Search & Read
Russell: Hello, Jim. Things definitely arise in awareness and have nothing to do with our apparent self – we create nothing. And as awareness we are non-doers – everything that arises appears dualistic, but isn’t really – it is of the one, but appears as ignorance and is only apparently real. Isvara (God) is the creator and is therefore arising in awareness.
But this is where it gets hair-splitting. Dayananda says we are God, but I understand that we are non-dual, ordinary awareness. I think that Dayananda sometimes blends the two – awareness and God.
What do you say?
Jim: Dear Russell, God and awareness are one, but they appear to be different. They are one in the sense that God can’t create unless it is aware. We know that God is aware because the creation is intelligently designed – everything animate and inanimate follows its nature. It is a complex, perfectly functioning web of physical, psychological and moral laws that can only have been created by a conscious force. It is so conscious and perfect that it factors in free will, probability and chaos without losing the plot, i.e. surrendering its nature as ever-free, non-dual awareness, so to speak.
But awareness is not God. It exists independently of the creation. God is a creative power that resides in awareness. The relationship between God and awareness is similar to the relationship between an artist and his or her power to create art. The creative power in an artist – which is a pale reflection of the creative power of God – depends on the artist because it is not conscious and cannot therefore create art on its own. It needs the artist to activate and shape it. The artist is free of the power insofar as he or she can play other roles, just as a person is free of what he or she does.
A person can be a mother in one situation, a daughter in another, a wife in another, etc. The roles depend on the person but the person does not depend on the roles.
As I mentioned with reference to an artist, in terms of the total – the creation – the power is not conscious. It is an abstract set of instructions, like the default settings of a computer, that requires another source of power to activate it. The source of its power is ever-present, unborn, eternal awareness. In its presence this power is activated and appears as the spinning whirligig of energy/matter that we call the creation.
Just as an artist does not need to be creating every minute to exist and can play other roles, awareness does not need to create to be awareness. If there are other powers in it, they would be activated should they arise. Awareness just “sits there” being awareness. Because it does not need to create, but has the need within it, it is always free of the creative power. It is awareness before the creative power arose in it. The “Big Bang” had to bang “in” something. You can’t get something out of nothing, a fact that seems lost on material scientists. That something is awareness. It is very difficult to imagine that this gross material world can come out of something that we can’t see or smell or touch, but it does. How it comes into being is another teaching.
You can also understand the relationship between awareness and God as you would understand the relationship between a pot and the clay of which it is made. The clay and the pot are one (non-dual), but they are not the same. The clay (awareness) has to be there before a pot can be made. Everything that constitutes the pot is clay. Similarly, everything that constitutes the creation is awareness. But the clay is not the pot insofar as you can grind it up, add water and make a plate or other objects with it. Nothing is lost, however, if the pot is destroyed. Matter, which is energy, cannot be created or destroyed. So even though they are both clay, they are not the same. In this case, the clay transcends the pot and is free of the pot just as awareness is free of the forms that God fashions out of it.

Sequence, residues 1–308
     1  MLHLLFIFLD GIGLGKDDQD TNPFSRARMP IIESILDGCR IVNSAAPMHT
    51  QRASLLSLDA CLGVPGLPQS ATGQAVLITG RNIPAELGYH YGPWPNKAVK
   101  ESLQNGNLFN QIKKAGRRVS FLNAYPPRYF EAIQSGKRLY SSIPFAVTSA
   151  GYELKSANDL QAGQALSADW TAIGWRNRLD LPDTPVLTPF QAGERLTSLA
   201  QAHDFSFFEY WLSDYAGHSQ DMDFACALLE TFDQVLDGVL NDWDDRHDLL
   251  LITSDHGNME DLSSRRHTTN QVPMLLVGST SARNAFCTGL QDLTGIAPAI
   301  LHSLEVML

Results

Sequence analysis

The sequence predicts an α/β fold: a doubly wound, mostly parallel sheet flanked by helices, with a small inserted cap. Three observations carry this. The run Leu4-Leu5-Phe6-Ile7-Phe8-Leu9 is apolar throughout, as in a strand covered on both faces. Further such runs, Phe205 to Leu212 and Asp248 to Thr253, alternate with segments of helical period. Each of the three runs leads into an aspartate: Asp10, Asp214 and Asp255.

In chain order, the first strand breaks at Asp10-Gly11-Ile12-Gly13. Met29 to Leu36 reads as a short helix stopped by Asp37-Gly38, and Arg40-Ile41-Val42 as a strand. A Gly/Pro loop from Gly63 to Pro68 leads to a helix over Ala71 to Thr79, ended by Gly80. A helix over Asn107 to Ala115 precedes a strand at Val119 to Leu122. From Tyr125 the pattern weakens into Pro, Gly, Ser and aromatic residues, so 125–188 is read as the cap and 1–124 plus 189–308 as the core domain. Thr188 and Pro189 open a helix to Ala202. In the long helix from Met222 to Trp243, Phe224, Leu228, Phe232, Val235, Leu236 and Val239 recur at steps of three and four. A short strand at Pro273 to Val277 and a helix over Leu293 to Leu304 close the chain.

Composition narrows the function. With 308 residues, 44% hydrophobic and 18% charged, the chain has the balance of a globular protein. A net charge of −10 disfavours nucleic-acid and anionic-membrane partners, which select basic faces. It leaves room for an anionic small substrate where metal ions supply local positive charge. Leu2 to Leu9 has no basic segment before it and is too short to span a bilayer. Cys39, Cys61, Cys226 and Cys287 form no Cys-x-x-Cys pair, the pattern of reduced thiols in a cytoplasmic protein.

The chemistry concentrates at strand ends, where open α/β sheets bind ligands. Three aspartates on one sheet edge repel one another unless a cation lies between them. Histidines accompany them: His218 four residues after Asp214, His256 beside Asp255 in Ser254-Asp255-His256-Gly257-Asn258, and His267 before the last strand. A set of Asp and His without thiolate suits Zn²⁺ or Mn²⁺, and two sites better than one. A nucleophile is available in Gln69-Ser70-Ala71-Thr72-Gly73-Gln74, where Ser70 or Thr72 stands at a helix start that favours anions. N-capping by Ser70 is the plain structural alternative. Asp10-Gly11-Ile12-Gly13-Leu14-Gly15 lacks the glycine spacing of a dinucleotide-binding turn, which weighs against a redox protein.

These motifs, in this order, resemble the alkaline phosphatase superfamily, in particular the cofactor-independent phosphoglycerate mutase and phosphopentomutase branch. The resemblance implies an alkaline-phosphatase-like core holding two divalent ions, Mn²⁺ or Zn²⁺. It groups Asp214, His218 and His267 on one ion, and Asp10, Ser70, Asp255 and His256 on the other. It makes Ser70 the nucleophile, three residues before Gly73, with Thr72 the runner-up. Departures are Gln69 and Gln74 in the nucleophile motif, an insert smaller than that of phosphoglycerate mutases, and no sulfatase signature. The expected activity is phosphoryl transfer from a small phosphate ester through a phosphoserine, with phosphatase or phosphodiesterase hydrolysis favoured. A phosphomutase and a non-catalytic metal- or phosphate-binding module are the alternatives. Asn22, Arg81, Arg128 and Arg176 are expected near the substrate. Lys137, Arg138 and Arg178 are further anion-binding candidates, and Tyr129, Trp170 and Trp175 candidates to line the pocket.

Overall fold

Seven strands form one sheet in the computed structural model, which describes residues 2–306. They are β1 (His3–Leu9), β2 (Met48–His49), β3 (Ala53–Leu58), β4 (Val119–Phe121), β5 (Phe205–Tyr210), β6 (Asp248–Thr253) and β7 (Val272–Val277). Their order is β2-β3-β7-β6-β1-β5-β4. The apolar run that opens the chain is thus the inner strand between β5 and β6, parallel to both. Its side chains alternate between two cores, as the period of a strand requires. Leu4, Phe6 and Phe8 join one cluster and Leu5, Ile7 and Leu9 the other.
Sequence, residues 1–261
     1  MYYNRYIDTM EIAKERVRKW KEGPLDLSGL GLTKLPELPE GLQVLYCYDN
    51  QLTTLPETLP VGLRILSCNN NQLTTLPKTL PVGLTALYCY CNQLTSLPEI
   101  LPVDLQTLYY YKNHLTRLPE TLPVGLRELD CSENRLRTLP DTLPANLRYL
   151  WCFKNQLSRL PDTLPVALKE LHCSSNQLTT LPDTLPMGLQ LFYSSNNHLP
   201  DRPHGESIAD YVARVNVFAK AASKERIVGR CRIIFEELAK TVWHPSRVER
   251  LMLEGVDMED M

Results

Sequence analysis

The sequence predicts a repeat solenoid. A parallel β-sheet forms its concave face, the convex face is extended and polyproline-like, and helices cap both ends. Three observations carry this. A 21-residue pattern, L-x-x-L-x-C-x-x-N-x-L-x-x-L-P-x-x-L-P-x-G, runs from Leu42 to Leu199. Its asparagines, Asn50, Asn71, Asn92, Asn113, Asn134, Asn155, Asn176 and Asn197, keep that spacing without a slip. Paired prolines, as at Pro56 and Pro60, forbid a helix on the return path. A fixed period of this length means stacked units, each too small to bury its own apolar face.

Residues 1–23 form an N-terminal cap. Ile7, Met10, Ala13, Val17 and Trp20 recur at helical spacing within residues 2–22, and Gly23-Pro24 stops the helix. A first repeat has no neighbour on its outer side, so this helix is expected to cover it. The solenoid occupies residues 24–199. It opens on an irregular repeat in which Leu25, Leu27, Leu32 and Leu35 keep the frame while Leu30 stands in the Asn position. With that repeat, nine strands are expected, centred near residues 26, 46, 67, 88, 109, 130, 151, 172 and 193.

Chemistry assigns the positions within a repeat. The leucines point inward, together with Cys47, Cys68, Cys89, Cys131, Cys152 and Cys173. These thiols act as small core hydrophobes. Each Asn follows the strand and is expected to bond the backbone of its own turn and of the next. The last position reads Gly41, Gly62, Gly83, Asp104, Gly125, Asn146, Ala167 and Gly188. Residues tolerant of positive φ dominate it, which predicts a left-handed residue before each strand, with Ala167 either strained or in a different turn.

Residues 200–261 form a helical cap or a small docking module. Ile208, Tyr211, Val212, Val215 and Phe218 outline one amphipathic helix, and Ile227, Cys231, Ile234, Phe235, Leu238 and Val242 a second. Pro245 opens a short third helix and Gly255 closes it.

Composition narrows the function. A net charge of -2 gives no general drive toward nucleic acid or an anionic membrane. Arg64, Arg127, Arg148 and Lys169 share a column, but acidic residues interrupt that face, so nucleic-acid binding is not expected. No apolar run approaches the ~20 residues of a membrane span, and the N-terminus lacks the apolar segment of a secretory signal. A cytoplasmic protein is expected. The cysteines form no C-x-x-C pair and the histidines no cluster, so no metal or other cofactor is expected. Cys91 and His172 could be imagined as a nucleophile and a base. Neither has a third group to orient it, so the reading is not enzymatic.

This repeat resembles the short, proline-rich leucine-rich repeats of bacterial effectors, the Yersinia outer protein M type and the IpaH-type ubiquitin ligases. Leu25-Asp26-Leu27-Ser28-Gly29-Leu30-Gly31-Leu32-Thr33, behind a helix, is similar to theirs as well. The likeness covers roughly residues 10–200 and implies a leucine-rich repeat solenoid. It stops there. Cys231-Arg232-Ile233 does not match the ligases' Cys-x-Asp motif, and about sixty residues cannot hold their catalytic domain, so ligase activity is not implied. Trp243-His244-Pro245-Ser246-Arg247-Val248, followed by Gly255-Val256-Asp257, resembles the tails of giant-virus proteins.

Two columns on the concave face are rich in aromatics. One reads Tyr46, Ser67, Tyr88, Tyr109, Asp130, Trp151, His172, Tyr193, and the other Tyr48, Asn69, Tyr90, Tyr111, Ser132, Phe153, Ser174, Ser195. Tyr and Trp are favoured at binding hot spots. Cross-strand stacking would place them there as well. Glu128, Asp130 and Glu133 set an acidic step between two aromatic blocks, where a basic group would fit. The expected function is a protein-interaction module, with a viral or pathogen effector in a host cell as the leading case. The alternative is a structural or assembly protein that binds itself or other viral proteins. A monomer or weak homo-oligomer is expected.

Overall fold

It is a good question, Russell, because this “blending” of awareness and its power to create is very subtle. It is an important teaching called into question by the presence of good and evil in the creation. If there is no separation between awareness and the creation, then awareness would have to be dual because it would contain mutually contradictory natures. But awareness has no good and evil in it. It is what knows good and evil. Another important fact, the importance of which escapes most people, is this: the knower is always free of the known. By “free” I mean “other than” the known. When you bring God, the Creator (maya), into it you bring duality. You cannot create without duality. So the duality belongs to the Creator, not to awareness. Duality is brought about by another aspect of awareness’s creative power: ignorance. Ignorance is not stupid. It has the power to (apparently) hide itself from itself. This power appears in individuals as the idea that “I don’t know that I am whole and complete, actionless, ordinary awareness” and the concomitant belief that “what I see is separate from me.” It is this belief that causes the idea of good and evil. So the good and the evil belong to maya/ignorance/duality, and not to awareness.
The subtle paradox – the fact that the “is” and the “is not” are both true – does seem like hair-splitting. The pot “is” from the pot’s point of view, but it “is not” from the clay’s point of view. God “is” from the creation’s point of view but it “is not” from consciousness’ point of view. Understanding this paradox sets you – awareness – free of the notion that you are what you see/know/experience. Suffering is caused by awareness under the apparent spell of ignorance identifying with what it sees, knows and experiences. So if you want to be free of suffering you need to understand the subtle distinction between awareness and God, the creative power in you.
~ Love, Jim